billchase2, both the person who found the phone and gizmodo contacted Apple to tell them they had the proto-type. The Apple reps they reached told them they were not missing a proto-type as higher ups did not inform Apple employees that they were in fact missing the proto-type. You can't blame the finder or gizmodo for this, they tried to return it to the rightful owner and were turned away. The whole thing is getting out of hand now. I'm just looking forward to July when I can get my hands on one (and be able to keep it), hopefully Apple will launch it immediately after the official announcement but I'm not going to hold my breath.
    1. whereswaldo's Avatar
      whereswaldo -
      Based on what i read in the past article about how bloggers are journalists and what i saw on LikeTotalyAwesome (they said that Chen left a note in his house to the police informing them about the law that stops them from raiding him) he better sue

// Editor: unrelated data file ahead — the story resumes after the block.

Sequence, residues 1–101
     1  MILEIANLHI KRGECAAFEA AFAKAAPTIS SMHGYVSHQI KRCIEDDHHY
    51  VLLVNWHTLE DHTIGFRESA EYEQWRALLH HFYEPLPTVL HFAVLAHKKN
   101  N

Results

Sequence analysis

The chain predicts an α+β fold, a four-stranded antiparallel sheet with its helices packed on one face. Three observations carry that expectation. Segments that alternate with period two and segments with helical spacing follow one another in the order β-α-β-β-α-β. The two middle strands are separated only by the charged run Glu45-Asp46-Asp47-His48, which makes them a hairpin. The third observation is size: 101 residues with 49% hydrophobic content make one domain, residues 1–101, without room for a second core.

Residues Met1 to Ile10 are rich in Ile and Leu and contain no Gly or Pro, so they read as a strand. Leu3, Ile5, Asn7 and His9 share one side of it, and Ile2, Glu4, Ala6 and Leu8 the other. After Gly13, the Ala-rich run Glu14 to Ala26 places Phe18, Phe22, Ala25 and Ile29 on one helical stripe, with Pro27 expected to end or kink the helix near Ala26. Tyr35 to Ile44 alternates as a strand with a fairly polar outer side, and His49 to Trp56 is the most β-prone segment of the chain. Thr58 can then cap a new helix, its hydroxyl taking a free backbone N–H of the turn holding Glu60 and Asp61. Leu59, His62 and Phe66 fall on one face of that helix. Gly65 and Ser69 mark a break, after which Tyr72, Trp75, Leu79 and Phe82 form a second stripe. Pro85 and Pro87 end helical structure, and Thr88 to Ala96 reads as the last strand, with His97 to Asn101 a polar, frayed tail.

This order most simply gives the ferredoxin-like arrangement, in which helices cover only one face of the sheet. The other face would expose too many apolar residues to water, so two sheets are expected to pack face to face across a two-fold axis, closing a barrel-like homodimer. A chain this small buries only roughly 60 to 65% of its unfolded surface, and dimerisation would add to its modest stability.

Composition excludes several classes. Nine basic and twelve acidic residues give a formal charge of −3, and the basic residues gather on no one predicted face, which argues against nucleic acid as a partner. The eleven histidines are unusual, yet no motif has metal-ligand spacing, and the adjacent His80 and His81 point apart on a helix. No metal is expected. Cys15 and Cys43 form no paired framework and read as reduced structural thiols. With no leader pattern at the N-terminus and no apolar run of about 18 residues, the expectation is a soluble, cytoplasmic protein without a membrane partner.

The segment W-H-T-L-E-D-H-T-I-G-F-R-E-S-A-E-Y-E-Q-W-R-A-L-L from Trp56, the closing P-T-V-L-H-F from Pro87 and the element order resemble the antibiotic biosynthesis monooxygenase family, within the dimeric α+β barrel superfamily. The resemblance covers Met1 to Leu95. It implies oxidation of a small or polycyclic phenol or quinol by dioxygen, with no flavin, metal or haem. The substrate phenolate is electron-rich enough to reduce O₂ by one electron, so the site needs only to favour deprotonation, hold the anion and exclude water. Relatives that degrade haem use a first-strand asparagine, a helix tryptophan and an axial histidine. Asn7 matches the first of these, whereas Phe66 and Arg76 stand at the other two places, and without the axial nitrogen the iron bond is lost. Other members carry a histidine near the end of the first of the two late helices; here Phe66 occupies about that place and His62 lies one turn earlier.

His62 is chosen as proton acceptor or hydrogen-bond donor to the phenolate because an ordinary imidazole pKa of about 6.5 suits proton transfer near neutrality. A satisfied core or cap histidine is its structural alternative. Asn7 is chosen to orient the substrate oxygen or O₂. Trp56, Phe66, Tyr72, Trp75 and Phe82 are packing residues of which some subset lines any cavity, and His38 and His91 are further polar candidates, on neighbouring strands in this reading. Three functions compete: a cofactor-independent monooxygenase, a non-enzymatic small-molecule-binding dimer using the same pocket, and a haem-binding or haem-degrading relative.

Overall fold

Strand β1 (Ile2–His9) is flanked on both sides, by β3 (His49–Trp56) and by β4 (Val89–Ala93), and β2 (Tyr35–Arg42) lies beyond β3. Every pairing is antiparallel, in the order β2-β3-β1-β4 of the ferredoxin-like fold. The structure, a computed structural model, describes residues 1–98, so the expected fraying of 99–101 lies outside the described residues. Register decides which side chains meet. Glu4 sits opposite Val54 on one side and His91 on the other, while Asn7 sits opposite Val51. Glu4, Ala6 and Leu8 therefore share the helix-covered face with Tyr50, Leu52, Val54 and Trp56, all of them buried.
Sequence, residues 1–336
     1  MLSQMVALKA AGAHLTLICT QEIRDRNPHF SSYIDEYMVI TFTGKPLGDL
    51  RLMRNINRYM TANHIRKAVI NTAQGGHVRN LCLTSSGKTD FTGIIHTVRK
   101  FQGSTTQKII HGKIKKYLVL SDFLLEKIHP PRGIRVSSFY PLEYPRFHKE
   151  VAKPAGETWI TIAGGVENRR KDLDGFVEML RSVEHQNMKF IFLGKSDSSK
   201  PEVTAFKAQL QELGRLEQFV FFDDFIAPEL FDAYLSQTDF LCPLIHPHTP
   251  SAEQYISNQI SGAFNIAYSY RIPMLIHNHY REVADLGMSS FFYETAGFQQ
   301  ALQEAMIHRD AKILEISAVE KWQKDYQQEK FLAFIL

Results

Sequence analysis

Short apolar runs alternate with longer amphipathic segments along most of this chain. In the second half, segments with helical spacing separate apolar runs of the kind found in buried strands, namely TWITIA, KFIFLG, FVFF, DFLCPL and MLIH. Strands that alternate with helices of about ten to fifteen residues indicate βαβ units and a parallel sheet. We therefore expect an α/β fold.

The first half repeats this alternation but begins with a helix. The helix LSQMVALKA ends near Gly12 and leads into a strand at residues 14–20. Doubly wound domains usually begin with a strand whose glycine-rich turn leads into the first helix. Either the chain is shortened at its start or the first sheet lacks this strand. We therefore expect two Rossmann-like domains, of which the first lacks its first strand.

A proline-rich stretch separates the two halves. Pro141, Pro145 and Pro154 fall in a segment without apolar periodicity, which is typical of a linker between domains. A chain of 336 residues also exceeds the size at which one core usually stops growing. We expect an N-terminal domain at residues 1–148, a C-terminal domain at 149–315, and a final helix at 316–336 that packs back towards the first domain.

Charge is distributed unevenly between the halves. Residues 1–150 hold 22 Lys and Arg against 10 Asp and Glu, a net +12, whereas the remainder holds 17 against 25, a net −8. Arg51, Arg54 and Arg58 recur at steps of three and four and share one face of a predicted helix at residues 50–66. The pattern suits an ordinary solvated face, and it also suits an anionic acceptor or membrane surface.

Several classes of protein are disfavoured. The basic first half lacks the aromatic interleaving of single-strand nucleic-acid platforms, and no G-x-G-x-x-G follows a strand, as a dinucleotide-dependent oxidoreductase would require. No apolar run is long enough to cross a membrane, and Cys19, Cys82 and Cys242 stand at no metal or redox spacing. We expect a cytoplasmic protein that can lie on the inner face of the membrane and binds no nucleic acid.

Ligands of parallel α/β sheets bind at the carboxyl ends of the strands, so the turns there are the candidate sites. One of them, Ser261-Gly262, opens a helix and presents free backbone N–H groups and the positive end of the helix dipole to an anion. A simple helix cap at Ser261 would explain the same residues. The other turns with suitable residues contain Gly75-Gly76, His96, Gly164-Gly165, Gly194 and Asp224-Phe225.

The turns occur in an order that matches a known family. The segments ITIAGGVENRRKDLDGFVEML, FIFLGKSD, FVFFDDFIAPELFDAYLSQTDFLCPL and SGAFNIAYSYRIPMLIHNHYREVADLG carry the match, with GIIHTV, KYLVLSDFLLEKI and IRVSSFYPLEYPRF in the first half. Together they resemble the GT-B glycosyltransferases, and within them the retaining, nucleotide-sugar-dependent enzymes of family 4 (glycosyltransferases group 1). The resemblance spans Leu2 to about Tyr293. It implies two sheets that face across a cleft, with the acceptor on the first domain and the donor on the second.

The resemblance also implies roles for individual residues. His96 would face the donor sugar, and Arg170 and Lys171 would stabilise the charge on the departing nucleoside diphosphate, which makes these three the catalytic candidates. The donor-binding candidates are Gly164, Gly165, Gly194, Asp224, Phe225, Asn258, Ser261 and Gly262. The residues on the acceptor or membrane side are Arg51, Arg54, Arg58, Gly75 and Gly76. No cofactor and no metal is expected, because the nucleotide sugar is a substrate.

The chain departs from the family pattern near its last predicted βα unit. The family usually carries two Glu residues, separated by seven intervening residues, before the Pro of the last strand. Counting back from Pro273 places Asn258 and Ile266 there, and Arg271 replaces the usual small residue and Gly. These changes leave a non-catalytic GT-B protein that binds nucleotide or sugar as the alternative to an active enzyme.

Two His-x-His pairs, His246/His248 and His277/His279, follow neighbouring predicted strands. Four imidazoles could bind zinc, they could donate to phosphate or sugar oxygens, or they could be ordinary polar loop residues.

1. 1shuttle1's Avatar
      1shuttle1 -
      SUE!!!!!! Just be nice see someone else besides Apple suing everyone. Was the phone stolen or left behind? So many conflicting stories.
    1. johnr9412's Avatar
      johnr9412 -
      Go giz!!! Show apple who's boss!
    1. 1shuttle1's Avatar
      1shuttle1 -
      How great would it be to have the audience at WWDC on June 7th all unbutton their shirts and reveal their Gizmodo t-shirts with a picture of the new iPhone right before steve anounces it.
    1. dq13's Avatar
      dq13 -
      even if it was "found" and not stolen, that does not give you the right of owner to the thing you found. I know this from personal experience... I found something at work and waited MONTHS for someone to call for it, no one did so I took it before it was thrown away. I llisted it on ebay and the original owner saw it and bought it to get my info and then, I got cops knoking on the door for dealing with stolen property...